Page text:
Vox was recently chosen as our book club book and I was so excited to get stuck into it. I’m a huge fan of The Handmaid’s Tale and Vox definitely sounded like it had similarities. It’s a feminist dystopia book and we delve into a nightmare where women have no voice – literally. In Vox, Dalcher gave women only 100 words a day.
Dalcher imagines an America where women are mere afterthoughts, to bekept in the home, pleasing their husbands, and most importantly, keeping quiet. Dalcher brings to life in a very scary and real way, the idea that women should not be heard, and should be voiceless.
While Dalcher doesn’t name Trump in the book, it’s pretty clear that he is the totalitarian President who brings in this new idea that women must wear a word-counter bracelet on their arms. He came into power after the countries first black President had served his term (sounds like Trump already), and he wants women to sit back and shut up (those nasty women).
In the book, if women go over their limit of 100 words day, their cute little word-counter bracelets will send an electric shock jolting through their bodies, and if they continue, they will be burned by the bracelet. Women are at home being housewives, while the men are out working. The women in Vox have no access to books, to pens or any writing materials or computers. Surveillance ensures that they don’t communicate by non-verbal means.
The novel is written through the eyes of Jean, a former cognitive linguist in the Washington area. Her husband, Patrick, works for the Government, and he is of little help to Jean it appears. I didn’t like Patrick’s character, he was weak. He didn’t stand up for his wife, or his daughter or the millions of women in America who literally had their voices taken away. I can’t abide spineless characters so I really didn’t enjoy Patrick.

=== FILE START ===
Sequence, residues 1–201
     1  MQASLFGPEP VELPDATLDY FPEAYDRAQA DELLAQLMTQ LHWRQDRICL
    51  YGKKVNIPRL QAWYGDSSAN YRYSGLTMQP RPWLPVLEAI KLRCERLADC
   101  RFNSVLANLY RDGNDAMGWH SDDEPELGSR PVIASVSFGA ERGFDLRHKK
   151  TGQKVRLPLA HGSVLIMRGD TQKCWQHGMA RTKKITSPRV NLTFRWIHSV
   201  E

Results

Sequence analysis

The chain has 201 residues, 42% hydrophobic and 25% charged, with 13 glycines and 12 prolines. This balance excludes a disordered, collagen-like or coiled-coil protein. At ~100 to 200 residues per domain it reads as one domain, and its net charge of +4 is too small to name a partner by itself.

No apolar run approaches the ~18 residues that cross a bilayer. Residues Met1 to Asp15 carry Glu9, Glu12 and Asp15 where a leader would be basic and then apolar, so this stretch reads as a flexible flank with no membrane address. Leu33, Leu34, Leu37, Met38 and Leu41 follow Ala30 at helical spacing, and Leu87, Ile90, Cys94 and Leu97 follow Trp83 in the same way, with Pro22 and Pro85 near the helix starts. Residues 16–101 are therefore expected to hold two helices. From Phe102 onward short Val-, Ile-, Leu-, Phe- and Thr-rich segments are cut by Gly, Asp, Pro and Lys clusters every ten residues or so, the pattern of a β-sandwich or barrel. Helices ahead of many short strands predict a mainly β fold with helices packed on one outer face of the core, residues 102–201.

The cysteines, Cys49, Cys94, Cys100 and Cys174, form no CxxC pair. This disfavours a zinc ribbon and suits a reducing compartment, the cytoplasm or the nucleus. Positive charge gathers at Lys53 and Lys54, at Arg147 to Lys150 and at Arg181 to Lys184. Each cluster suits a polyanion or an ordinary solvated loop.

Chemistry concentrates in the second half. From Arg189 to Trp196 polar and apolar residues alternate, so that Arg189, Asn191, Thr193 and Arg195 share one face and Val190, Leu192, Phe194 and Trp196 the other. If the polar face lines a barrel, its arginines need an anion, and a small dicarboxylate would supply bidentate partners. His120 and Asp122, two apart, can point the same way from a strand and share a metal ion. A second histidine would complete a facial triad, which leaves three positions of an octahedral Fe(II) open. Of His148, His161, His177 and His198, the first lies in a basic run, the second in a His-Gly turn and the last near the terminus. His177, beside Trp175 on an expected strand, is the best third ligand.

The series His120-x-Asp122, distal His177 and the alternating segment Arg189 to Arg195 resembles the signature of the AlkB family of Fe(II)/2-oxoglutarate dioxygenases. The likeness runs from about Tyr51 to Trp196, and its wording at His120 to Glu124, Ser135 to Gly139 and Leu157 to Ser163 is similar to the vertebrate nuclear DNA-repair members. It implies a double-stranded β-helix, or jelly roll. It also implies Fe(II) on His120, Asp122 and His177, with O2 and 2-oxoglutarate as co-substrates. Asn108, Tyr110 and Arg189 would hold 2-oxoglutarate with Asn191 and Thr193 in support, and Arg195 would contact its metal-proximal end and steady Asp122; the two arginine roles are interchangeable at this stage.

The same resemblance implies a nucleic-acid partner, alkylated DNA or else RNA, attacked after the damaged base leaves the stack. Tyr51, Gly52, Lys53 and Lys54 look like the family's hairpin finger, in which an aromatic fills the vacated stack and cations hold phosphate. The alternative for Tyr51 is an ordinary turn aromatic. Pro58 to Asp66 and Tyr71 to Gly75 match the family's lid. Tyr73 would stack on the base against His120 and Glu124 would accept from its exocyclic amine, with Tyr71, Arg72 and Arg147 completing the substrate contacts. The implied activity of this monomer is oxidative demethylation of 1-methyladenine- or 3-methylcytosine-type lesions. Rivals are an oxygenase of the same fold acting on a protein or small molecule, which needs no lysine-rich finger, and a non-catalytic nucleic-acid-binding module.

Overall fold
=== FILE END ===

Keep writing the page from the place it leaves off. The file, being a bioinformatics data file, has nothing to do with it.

The book follows Jean as sh is approached by the President to help his brother, who has sustained a brain injury. Jean quickly uses this to her advantage to demand that the word-counters are removed from her own wrist as well as her daughters.
I felt like the novel had great potential, it could have been a fantastic feminist dystopia novel, but it fell just short of the mark. It seems to quickly turn into a thriller, rather than focusing on the more interesting ideas that were bubbling up at beginning. The story needed to go deeper into the political turmoil facing Americans, in particular, its silenced women, but instead it takes a different pathway into a silly thriller. I didn’t enjoy the ending, but I won’t give that away here.
Overall, I thought the book had a solid foundation, explored some great ideas, but really just skimmed the surface on them all. I would still recommend it though as I did still enjoy it. It turned out to be a much lighter read than I had expected, but worth a read nonetheless. I give it 3 stars out of 5. Buy Vox on Amazon.